We are all on weather watch right now. The rivers are very low but seasonally warm daytime temperatures have made for ok fishing. We expect this trend to continue over the weekend. The low clear water makes fish picky, but the warmer temperatures have meant that their metabolisms haven’t shut down and they are still actively biting. The general trend of fish being “late” continues to hold true and systems that historically have been winding down this time of year continue to fish pretty decent for the conditions.
If the weatherman is on his game this will all change next week. There is a big storm in the forecast. This has been an ongoing trend over the last few years where big storms in November have caused major problems for both the fish and flooding issues. Everyone should be watching the numbers and this upcoming storm carefully.
In the perfect world, we will see the rivers rise and color, but we will not see major wash outs. If this happens, the smaller creeks that have been concerningly low all season will rise allowing fish to enter the prime spawning habitat and as things settle after the storm, we will see some of the best fishing of the season. The egg eater fishing will be on fire and late coho and chum fishing will be excellent.
The above scenario is in the perfect world; we all know what happens in the worst-case scenario when a late season warm storm saw some of the worst flooding in the Lower Mainland’s history. At least for the weekend, we should not have to worry about this as things will be warm but low and clear.
On the report side of things this week we look at the north side rivers where although things are clear we continue to hear good reports. We will also tune in on the Chilliwack where we have been pleasantly surprised as anglers are still finding fresh fish.
The guys from the shop were out Sea to Sky way last week. Matt will go over some of the observations there. The short version is the water is very low and clear and there are a healthy number of chum and coho in the system. This bodes well for the bulltrout and rainbow fish over the next few weeks. As long as everything doesn’t get washed out, it could be a better egging season that we have seen in the last handful of years.
Jason is back with a saltwater report this week for all the saltwater anglers out there.
Last but, certainly not least, the Sport Fishing Institute’s Online Auction ends TONIGHT! Be sure to check out some of the great items to be had! Details are in this week’s Industry Events and Updates Section.
On to the report!
INDUSTRY EVENTS AND UPDATES
Sport Fishing Institute Big Splash Online Auction
If you are unable to make it to the Sport Fishing Institute’s policy conference and gala dinner tonight there is still a way you can participate and support the great work the SFI does. Be sure to check out their online auction before it closes tonight. There are some great prizes to be won – maybe something for yourself or get your Christmas shopping started early!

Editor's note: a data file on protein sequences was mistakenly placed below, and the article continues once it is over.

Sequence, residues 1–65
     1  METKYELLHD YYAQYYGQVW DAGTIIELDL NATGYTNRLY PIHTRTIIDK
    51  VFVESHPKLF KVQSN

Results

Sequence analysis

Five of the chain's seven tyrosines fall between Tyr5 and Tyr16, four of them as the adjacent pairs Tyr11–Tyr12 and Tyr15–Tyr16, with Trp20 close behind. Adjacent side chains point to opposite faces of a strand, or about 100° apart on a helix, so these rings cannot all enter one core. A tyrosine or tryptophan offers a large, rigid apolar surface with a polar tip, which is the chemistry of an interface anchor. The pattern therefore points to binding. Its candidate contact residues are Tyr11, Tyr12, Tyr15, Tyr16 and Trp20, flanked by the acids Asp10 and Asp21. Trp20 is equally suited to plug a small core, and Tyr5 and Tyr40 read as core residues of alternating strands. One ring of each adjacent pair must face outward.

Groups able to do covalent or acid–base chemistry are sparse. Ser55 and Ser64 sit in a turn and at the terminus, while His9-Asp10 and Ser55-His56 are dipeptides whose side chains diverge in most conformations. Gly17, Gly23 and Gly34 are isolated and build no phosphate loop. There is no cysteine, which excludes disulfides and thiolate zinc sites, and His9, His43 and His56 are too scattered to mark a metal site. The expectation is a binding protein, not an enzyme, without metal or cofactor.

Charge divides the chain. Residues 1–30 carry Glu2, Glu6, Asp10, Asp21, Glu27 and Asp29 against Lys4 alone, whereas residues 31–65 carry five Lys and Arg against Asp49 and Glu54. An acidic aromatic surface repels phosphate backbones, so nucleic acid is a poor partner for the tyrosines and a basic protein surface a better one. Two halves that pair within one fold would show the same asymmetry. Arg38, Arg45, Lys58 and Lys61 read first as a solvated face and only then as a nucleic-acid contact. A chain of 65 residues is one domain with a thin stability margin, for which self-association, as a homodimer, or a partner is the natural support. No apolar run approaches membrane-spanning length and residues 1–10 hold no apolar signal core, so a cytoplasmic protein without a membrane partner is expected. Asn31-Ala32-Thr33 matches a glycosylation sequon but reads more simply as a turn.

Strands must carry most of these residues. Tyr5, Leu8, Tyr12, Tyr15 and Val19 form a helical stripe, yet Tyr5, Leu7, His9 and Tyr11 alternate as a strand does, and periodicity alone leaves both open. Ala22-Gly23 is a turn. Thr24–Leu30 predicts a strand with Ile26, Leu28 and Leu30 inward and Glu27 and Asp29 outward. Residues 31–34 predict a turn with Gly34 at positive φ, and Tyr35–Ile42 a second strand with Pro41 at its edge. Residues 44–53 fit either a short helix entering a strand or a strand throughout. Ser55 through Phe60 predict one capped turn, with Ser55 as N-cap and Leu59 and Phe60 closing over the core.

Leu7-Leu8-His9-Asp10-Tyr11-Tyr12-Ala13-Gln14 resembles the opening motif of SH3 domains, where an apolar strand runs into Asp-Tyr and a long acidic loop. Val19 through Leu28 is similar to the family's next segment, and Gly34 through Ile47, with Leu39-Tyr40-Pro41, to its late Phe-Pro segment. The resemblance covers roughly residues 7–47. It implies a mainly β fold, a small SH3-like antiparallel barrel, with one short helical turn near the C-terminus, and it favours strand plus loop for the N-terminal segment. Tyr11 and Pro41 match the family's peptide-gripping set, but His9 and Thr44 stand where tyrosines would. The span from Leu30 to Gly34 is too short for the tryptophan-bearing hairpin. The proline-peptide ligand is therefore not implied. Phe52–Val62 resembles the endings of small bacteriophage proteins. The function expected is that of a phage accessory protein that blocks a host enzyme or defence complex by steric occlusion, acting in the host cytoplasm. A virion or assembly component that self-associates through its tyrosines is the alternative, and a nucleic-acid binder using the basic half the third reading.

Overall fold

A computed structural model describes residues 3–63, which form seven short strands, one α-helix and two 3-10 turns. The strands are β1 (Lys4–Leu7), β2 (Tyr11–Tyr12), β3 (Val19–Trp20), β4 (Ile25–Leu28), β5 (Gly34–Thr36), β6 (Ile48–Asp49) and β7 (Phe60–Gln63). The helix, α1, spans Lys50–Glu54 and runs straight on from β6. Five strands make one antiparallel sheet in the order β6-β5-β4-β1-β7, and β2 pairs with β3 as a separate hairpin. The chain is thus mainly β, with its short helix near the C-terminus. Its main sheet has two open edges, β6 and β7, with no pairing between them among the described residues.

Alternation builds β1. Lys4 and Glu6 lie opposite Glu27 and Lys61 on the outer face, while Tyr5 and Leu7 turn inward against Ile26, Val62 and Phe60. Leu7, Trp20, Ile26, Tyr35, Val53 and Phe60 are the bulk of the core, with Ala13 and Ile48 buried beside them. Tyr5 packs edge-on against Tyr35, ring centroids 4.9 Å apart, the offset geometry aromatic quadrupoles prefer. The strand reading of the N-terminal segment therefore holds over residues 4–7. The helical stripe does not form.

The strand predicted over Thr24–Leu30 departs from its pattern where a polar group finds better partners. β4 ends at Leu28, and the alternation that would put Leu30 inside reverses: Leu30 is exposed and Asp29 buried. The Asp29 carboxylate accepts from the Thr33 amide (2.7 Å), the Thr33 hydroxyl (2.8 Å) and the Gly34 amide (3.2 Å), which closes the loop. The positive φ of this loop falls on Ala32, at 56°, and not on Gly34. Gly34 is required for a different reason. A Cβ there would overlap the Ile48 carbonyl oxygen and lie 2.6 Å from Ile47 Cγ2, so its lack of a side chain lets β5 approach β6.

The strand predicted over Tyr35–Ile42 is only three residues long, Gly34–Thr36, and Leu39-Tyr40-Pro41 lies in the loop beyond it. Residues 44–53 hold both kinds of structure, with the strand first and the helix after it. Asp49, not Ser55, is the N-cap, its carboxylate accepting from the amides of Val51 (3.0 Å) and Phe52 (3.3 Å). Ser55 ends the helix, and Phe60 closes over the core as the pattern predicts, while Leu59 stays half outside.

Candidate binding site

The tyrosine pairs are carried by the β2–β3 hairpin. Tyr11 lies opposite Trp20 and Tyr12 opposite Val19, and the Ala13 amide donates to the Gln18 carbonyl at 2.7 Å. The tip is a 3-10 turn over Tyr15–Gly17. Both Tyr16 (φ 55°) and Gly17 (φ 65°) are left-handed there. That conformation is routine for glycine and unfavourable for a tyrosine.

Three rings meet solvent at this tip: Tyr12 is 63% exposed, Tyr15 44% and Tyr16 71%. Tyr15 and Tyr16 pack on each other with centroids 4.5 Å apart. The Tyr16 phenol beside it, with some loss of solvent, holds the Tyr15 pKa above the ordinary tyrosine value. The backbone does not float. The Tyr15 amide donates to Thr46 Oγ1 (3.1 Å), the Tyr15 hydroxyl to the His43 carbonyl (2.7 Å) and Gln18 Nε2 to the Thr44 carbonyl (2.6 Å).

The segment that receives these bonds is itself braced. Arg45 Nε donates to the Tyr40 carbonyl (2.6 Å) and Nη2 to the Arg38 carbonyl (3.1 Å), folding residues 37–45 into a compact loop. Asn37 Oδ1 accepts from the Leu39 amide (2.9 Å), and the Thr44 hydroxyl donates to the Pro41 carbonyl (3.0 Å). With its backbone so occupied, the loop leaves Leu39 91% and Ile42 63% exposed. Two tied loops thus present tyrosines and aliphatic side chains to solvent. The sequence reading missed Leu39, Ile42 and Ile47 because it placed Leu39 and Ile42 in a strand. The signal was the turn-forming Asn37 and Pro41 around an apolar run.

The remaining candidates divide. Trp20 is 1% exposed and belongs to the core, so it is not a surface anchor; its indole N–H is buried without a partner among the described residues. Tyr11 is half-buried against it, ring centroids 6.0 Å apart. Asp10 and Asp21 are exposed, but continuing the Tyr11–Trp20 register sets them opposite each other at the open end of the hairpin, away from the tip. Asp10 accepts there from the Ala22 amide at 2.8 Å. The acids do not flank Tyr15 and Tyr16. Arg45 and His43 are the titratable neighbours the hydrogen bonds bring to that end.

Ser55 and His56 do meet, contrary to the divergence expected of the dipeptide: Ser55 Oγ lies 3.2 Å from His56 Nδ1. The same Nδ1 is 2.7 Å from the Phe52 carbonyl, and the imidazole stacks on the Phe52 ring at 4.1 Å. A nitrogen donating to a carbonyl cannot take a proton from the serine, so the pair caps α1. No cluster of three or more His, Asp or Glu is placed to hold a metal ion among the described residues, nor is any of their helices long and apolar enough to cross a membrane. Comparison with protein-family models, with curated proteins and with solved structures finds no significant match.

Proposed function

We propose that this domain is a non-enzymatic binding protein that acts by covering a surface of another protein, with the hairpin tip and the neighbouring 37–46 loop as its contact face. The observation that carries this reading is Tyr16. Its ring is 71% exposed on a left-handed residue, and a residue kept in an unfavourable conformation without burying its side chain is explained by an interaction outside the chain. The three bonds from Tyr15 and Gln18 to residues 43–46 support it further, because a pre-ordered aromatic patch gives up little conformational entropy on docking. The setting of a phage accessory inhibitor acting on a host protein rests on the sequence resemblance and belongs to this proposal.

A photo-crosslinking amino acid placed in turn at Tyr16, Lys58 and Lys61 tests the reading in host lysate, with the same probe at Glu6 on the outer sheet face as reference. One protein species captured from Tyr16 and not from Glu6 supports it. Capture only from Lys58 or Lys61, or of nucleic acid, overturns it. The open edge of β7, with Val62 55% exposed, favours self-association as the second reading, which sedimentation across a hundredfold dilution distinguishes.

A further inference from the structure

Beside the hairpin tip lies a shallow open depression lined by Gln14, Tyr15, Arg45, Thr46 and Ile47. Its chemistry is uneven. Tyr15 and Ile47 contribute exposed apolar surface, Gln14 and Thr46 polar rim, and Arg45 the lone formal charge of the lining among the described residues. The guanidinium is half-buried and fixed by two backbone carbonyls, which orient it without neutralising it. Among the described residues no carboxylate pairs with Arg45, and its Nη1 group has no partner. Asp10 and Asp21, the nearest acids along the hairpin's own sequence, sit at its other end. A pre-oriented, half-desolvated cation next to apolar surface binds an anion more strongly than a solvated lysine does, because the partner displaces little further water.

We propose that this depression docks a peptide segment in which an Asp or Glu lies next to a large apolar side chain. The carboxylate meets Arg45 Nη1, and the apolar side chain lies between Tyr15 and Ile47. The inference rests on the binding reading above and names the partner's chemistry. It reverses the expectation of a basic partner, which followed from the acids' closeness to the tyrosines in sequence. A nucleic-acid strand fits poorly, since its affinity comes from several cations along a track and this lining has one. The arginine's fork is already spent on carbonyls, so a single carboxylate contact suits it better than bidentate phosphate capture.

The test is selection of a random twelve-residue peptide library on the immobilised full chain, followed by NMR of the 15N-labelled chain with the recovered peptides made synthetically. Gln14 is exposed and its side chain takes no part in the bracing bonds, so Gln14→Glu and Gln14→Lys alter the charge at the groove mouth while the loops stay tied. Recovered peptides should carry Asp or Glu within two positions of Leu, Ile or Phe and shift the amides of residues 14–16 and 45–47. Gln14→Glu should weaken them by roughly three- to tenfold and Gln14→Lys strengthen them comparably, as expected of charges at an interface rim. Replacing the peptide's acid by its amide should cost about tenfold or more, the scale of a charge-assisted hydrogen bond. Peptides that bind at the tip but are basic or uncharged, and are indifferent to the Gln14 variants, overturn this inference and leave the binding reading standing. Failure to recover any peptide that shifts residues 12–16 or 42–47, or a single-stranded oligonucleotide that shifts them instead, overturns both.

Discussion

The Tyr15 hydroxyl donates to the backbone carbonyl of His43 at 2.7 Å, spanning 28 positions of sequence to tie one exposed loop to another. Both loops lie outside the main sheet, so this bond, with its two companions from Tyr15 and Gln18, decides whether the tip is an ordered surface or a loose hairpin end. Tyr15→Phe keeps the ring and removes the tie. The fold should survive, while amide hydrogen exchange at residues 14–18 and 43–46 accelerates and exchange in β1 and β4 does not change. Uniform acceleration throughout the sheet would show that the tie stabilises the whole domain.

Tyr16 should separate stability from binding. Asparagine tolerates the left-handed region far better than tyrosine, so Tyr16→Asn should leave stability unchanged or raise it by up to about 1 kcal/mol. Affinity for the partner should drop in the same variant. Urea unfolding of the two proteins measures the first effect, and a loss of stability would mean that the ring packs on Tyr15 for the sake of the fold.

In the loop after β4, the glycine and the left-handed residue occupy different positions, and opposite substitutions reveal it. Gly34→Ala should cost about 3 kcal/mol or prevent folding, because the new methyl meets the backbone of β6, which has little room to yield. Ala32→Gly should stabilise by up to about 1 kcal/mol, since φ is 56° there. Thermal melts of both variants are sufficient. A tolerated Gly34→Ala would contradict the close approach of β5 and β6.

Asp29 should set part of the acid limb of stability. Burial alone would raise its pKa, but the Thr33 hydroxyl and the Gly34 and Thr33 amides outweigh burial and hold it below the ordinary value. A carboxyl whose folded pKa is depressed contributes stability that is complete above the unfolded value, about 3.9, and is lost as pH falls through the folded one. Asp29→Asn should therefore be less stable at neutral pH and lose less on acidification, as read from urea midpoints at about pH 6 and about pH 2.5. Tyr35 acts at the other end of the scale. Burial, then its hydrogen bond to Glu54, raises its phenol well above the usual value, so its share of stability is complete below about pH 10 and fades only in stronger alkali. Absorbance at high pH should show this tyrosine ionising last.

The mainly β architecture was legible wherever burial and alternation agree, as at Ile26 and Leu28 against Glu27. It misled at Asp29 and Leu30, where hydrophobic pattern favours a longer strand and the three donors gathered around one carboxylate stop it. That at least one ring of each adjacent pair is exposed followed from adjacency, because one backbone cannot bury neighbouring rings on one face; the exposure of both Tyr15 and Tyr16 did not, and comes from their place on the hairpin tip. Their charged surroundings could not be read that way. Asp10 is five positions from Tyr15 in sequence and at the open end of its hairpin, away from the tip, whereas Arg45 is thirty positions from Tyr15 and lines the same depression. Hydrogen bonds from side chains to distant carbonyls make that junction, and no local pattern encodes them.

FRESHWATER FISHING REPORTS
North Side Systems Fishing Report (Stave, Harrison and Slough Fishing Report)
The north-side rivers are continuing to produce reasonable numbers of fish, both coho and chum, but a lack of rain means that they’re running fairly low. It’s not anywhere near as bad as it was in October, but the rivers are still a fair bit lower than I would like them to be and are going to stay that way until the next batch of rain. This is currently forecasted to arrive on Monday. It looks like a lot of water is coming but I will not get into that this week. We need to see how close the weatherman is to the mark to start making predictions.
In the meantime, expect to find good numbers of fish in certain spots, but don’t be surprised when those fish are very tight-lipped and spooky. Low water means that fish are less likely to move, so the odds of finding fresh, aggressive fish decrease. When you do find fish, it’s likely that they’ve been in the system for a while and have seen a fair amount of gear which means that fish that are much less likely to bite.
Reference our past reports for tips on how to target spooky fish in low, clear water this year. So, I’m going to spare you all the detailed instructions and keep it basic: downsize your gear, consider using some toned-down colours think peach or blue instead of cerise or fluorescent red. Target the kind of water that will make the fish feel “safe”- stuff that gives them some form of cover… that could be structure (such as logs or boulders), surface disturbance (such as riffles or faster water) or the deepest water they can find. Salmon will park themselves in places where they are least likely to be eaten- consider that when targeting them in challenging conditions. Float fishing, fly fishing, and casting spoons/spinners/jigs will all produce fish if the above suggestions are considered.
Fresh fish will be continuing to push into some of the north-side systems well into December, as long as water levels stay somewhat consistent and there are no major blowouts or droughts. Please note that this is quite late in the season and a majority of this year’s salmon will have spawned, so there will be millions of eggs buried in the gravel in side-channels, tailouts, small creeks, shallow flats, etc. Take any and all possible measures to avoid wading through anything that looks like salmon spawning habitat, especially if fish are actively spawning in the area or if you can see obvious signs of spawning activity, such as redds. Stepping on salmon eggs tends to kill them so that’s pretty counterproductive if you want to catch fish a few years down the road.